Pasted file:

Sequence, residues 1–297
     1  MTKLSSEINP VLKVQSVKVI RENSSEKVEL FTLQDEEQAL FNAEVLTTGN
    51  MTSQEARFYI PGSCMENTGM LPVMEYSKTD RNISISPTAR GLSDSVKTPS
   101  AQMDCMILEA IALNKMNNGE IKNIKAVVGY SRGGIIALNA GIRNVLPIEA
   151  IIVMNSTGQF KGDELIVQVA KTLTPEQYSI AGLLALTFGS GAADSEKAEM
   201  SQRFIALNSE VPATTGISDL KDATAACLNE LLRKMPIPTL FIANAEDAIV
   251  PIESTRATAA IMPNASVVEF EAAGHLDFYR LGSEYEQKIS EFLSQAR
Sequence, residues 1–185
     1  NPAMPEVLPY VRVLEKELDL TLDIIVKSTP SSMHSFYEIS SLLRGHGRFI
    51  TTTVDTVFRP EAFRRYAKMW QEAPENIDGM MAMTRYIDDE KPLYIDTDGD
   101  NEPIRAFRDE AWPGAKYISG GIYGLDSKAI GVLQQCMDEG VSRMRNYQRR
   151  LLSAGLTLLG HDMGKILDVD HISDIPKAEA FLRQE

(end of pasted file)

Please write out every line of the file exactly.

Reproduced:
Sequence, residues 1–297
     1  MTKLSSEINP VLKVQSVKVI RENSSEKVEL FTLQDEEQAL FNAEVLTTGN
    51  MTSQEARFYI PGSCMENTGM LPVMEYSKTD RNISISPTAR GLSDSVKTPS
   101  AQMDCMILEA IALNKMNNGE IKNIKAVVGY SRGGIIALNA GIRNVLPIEA
   151  IIVMNSTGQF KGDELIVQVA KTLTPEQYSI AGLLALTFGS GAADSEKAEM
   201  SQRFIALNSE VPATTGISDL KDATAACLNE LLRKMPIPTL FIANAEDAIV
   251  PIESTRATAA IMPNASVVEF EAAGHLDFYR LGSEYEQKIS EFLSQAR
Sequence, residues 1–185
     1  NPAMPEVLPY VRVLEKELDL TLDIIVKSTP SSMHSFYEIS SLLRGHGRFI
    51  TTTVDTVFRP EAFRRYAKMW QEAPENIDGM MAMTRYIDDE KPLYIDTDGD
   101  NEPIRAFRDE AWPGAKYISG GIYGLDSKAI GVLQQCMDEG VSRMRNYQRR
   151  LLSAGLTLLG HDMGKILDVD HISDIPKAEA FLRQE